To mark the unevenly worn side, first mark right above the most worn spot. Measure this distance from the top of the heel, and mark the same on the opposite corner. Draw a dotted line between those two points. Do the same to connect your line to the front corners you marked. Measure carefully, this is one of the most important steps. Don’t just draw a straight line around the four points all at once or it will probably be crooked.

Step 2: Chop Chop Chop

The strategy here is to start at the least worn corner and reach the most worn corner last. I wish I had a bandsaw to do this, but of the saws I have I picked this hacksaw with metal blade and am satisfied with the results.

Go slowly and carefully, stay on the outside of your line. My original heels are one cast piece of rubber and mostly hollow inside so sawing by hand was easier than expected.

Sand it flat if necessary. I also put the shoes on and stood on the replacement heels to see if they felt right.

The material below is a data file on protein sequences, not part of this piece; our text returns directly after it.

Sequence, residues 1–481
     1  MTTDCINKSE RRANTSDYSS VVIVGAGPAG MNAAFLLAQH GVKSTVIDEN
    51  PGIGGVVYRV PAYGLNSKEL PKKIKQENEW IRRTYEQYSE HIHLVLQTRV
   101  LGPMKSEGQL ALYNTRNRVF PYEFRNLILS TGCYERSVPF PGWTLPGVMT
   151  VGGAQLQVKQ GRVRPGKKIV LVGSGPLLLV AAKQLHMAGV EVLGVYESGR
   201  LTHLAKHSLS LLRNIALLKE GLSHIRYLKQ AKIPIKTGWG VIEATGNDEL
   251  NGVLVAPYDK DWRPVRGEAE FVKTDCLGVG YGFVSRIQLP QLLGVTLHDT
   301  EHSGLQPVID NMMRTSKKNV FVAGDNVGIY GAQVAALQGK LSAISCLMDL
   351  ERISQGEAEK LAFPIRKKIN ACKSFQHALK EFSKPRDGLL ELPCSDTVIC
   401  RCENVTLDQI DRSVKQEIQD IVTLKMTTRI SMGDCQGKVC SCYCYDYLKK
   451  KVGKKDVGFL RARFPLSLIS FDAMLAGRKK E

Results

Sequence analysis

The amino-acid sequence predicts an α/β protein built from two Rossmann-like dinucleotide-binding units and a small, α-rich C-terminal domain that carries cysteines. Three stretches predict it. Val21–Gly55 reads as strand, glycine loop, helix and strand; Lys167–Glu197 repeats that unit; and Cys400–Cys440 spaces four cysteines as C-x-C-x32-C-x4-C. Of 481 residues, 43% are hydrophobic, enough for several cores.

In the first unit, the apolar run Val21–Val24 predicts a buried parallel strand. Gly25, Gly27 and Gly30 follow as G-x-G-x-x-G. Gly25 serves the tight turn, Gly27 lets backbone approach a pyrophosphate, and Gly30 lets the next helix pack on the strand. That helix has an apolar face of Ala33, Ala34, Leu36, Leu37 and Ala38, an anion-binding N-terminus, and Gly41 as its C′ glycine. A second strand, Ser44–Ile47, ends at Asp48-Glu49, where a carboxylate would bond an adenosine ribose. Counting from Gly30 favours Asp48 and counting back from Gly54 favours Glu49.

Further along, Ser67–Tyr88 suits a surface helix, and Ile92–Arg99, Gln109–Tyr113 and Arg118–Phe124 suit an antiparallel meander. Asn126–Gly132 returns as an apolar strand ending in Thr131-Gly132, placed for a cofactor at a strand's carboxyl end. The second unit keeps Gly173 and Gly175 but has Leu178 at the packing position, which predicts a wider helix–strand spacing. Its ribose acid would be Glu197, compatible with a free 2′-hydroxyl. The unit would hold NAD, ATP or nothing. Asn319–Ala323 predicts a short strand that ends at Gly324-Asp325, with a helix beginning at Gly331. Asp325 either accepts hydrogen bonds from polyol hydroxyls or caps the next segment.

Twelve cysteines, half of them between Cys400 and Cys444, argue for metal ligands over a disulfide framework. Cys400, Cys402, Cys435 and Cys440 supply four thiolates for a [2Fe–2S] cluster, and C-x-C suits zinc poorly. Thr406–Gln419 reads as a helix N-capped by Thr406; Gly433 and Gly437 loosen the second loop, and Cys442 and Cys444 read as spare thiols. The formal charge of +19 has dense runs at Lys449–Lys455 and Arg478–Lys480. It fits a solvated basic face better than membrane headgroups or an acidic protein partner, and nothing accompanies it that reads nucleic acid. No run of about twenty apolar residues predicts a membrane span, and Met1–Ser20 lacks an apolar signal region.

Trace slightly larger than your heels onto the replacement material. Wish I had a bandsaw or electric knife but a box cutter with a fresh blade worked. Use some type of cutting mat below. I used a piece of wood. Cut your shape by going over the same line a few times, not all at once! This makes a neater line and doesn’t cause you to push too hard and end up with blood everywhere.

I saved the cut off pieces in case they come in handy one day for replacing a smaller piece, like new bottoms for high heels, or covering an isolated spot of wear.

Step 3: Glue